Thank you for the compliment :smile: As for the Lexan, I sanded it down to a very tight fit. Other than that, just the buttons are holding it down.

Also, thanks for the compliments :smile: I don’t play Akuma, but I fell in love with that painting the second I saw it. The project took about 4 weeks. I must say that there were quite a few points of frustration. Mainly just the mess ups and the trial and error screw ups. The whole experience (and new tools) were WELL worth any amount of frustration I experienced.

Very nice and clean stick, I prefer ball tops and sanwa buttons/jap layout, but each to his own :wgrin:

The paint job looks pretty good, dunno why you think otherwise. Maybe a bit of photoshop editing was involved, hmmm j/k :lovin:

Very good job for a first stick, props to you sir :tup:

Thank you :smile: Now that you mention it, I should have photoshopped the ding out lol. But I have no idea how to use Photoshop. Wow I am ignorant, eh?

TheCave, the best advice I can give is…Plan Ahead! Maybe even make a check list. For instance, I primered the case a couple times, and then decided to round the inner edges where the Lexan was going to sit, and I completely forgot to drill out the Start/Select holes. :confused: Forgot to add, that another main reason it took so long to do the case, is temperature. Didn’t want to primer/paint/clear coat unless the temp was in the range that was suggested in the instructions.

The main thing I would have liked to do, but have no idea how they do it, is have the Start/Select buttons in counter sunk holes like you see in quite a few customs here. Anyone that can shed the light on how to do those? :smile:

Thanks for the advice, I’m currently putting together a full plan of all the measurements and everything for the entire case as well as layout plans and everything just to make sure I get everything right. Perhaps I’ll make an ordered checklist to just to make sure I don’t forget anything.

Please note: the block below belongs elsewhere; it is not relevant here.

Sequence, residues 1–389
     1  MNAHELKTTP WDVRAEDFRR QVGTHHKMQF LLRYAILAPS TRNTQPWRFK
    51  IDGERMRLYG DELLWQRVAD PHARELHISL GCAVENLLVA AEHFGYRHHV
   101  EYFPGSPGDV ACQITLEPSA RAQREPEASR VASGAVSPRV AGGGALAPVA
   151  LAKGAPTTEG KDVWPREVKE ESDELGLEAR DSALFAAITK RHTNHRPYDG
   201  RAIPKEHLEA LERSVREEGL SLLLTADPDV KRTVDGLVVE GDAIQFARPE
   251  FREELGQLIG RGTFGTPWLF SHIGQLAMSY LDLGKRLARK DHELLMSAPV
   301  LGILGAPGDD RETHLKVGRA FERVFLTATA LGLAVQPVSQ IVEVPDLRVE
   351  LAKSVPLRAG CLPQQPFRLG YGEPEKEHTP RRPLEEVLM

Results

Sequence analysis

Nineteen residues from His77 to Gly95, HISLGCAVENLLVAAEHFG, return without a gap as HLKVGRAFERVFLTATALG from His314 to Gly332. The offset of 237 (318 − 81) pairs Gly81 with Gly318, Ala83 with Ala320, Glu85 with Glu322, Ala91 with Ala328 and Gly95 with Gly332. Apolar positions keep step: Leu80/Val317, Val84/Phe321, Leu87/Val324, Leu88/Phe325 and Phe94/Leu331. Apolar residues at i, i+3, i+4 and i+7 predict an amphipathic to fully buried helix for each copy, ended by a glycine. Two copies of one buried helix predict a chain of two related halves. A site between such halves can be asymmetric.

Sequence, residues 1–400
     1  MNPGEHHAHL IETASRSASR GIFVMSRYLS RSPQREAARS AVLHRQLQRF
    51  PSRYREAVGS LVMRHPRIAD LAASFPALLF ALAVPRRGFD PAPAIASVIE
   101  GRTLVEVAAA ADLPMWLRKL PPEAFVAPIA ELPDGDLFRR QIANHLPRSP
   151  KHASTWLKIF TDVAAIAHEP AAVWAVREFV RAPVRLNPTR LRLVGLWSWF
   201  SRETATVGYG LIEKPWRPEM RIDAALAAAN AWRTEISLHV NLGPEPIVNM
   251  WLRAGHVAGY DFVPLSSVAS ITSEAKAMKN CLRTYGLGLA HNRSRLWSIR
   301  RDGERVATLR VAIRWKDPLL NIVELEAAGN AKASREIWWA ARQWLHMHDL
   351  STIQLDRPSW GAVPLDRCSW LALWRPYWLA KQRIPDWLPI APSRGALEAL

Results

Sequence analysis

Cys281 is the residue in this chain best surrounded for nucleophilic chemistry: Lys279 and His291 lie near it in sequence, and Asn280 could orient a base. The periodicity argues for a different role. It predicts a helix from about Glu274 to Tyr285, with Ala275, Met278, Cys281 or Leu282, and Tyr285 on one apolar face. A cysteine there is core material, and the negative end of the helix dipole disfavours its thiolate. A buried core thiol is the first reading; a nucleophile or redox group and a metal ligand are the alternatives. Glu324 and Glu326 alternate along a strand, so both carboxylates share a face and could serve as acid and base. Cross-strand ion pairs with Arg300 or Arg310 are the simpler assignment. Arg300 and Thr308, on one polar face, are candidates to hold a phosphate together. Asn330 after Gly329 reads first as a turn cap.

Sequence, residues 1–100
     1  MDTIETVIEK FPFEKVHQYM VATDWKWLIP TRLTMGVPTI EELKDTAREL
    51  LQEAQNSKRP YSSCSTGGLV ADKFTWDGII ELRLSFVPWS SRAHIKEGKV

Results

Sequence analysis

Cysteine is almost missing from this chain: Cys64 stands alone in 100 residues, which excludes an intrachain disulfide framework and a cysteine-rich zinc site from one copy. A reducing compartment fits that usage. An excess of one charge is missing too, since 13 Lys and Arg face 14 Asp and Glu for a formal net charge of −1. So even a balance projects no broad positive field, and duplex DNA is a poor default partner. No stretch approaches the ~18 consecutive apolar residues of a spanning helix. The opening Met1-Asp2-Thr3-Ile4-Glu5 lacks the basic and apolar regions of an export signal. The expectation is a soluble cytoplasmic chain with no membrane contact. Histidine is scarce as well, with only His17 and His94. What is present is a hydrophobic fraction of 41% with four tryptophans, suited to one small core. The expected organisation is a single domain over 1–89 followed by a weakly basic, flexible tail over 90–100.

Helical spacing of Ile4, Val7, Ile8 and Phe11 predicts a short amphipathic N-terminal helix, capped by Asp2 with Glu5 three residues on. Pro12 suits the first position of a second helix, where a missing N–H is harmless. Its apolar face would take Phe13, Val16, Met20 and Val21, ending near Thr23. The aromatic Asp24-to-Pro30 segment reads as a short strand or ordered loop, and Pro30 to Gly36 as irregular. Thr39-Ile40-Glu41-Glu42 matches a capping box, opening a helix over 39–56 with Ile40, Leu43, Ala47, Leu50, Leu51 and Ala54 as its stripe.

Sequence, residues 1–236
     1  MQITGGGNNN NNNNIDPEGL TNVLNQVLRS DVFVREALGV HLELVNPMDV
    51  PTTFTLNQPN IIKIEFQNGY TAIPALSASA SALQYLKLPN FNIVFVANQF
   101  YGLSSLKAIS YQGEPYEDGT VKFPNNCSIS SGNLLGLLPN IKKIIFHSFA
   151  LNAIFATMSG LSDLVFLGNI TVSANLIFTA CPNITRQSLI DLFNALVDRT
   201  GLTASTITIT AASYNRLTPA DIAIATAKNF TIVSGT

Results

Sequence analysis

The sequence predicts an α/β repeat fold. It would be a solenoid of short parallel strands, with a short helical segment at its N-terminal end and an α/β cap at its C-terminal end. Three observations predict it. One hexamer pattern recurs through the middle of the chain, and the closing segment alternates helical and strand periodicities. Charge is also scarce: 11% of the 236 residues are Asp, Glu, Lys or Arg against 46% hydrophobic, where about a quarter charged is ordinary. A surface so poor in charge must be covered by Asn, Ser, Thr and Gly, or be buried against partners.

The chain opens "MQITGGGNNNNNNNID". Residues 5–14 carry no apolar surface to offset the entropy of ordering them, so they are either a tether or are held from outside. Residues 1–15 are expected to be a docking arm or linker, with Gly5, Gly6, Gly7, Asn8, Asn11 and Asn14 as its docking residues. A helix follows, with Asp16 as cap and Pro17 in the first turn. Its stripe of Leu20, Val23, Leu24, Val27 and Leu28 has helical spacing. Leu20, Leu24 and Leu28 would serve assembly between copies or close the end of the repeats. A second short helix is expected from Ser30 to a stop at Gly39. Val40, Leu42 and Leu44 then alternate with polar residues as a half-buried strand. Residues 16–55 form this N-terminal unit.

As far as the countersunk buttons go, I’m not entirely sure their exact technique considering I’ve never done it and I’ve never seen anyone say exactly how they did it, but I’d imagine it would be something like using a hole cutter to cut a hole maybe a half inch deep so that it doesn’t go all the way through the wood (or however deep you want it to be countersunk) and a quarter inch wider than the width of the button so that it will fit inside it. Then just drill a hole in the center of that hole that is the exact width of the button and that goes all the way through so you can mount the button inside the hole. That’s how I would do it anyways. Just make sure the side of the case you’re countersinking it into is thick enough to take it.

Cool, I just bought this stick and its pretty nice to see how it progressed to completion. Great work on it, I can’t wait till it gets here. :woot:

Which spring did you order from that lizard place? I need a tighter spring. I hate the default loose ones that come with MAS sticks.

EDIT: Or would I need a looser spring? Bah.